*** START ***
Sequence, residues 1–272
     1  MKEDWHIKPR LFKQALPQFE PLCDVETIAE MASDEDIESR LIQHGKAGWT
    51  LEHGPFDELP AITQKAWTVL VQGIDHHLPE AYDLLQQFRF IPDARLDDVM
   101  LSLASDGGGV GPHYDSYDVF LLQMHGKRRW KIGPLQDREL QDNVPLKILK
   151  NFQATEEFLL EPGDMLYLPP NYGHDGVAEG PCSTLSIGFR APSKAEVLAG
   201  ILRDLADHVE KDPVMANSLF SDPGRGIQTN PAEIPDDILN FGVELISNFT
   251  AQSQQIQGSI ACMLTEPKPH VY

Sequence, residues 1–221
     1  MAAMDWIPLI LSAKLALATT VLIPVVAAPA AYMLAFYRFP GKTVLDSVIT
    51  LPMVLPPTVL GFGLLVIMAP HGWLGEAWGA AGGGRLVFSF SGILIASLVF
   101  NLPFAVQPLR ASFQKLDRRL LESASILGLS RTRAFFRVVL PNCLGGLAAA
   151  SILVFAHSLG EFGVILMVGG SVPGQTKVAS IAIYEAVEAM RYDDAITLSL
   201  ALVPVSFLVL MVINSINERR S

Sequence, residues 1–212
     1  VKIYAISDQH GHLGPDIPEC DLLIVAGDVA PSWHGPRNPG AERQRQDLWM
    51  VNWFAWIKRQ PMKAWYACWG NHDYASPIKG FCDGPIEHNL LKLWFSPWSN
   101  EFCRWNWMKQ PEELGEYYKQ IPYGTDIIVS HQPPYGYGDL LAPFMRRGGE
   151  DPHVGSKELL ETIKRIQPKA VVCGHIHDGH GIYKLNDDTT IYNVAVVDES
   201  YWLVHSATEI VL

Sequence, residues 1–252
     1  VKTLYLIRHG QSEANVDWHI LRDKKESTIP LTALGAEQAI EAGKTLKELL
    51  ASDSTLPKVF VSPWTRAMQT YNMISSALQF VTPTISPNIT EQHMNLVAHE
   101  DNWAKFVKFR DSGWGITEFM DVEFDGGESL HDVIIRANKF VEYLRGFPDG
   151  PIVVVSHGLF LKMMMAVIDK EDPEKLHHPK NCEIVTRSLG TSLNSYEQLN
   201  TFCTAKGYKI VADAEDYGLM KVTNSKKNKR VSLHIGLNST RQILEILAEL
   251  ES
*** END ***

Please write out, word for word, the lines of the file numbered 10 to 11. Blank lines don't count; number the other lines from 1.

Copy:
    51  LPMVLPPTVL GFGLLVIMAP HGWLGEAWGA AGGGRLVFSF SGILIASLVF
   101  NLPFAVQPLR ASFQKLDRRL LESASILGLS RTRAFFRVVL PNCLGGLAAA